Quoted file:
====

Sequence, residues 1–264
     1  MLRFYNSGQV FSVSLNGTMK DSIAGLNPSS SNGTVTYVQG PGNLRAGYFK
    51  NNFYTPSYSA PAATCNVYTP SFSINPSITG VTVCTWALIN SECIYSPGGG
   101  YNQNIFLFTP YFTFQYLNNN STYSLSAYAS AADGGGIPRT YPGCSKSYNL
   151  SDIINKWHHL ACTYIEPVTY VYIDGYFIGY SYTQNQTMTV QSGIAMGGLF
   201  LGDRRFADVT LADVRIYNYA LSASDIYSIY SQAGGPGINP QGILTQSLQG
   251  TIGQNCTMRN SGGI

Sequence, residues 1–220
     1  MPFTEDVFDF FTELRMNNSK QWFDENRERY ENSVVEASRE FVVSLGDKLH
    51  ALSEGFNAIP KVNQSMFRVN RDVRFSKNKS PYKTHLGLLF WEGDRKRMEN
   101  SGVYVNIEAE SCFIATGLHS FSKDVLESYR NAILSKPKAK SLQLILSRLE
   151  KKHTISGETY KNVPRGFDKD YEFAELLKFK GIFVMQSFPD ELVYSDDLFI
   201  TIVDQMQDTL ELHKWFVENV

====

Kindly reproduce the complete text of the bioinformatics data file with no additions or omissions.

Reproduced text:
Sequence, residues 1–264
     1  MLRFYNSGQV FSVSLNGTMK DSIAGLNPSS SNGTVTYVQG PGNLRAGYFK
    51  NNFYTPSYSA PAATCNVYTP SFSINPSITG VTVCTWALIN SECIYSPGGG
   101  YNQNIFLFTP YFTFQYLNNN STYSLSAYAS AADGGGIPRT YPGCSKSYNL
   151  SDIINKWHHL ACTYIEPVTY VYIDGYFIGY SYTQNQTMTV QSGIAMGGLF
   201  LGDRRFADVT LADVRIYNYA LSASDIYSIY SQAGGPGINP QGILTQSLQG
   251  TIGQNCTMRN SGGI

Sequence, residues 1–220
     1  MPFTEDVFDF FTELRMNNSK QWFDENRERY ENSVVEASRE FVVSLGDKLH
    51  ALSEGFNAIP KVNQSMFRVN RDVRFSKNKS PYKTHLGLLF WEGDRKRMEN
   101  SGVYVNIEAE SCFIATGLHS FSKDVLESYR NAILSKPKAK SLQLILSRLE
   151  KKHTISGETY KNVPRGFDKD YEFAELLKFK GIFVMQSFPD ELVYSDDLFI
   201  TIVDQMQDTL ELHKWFVENV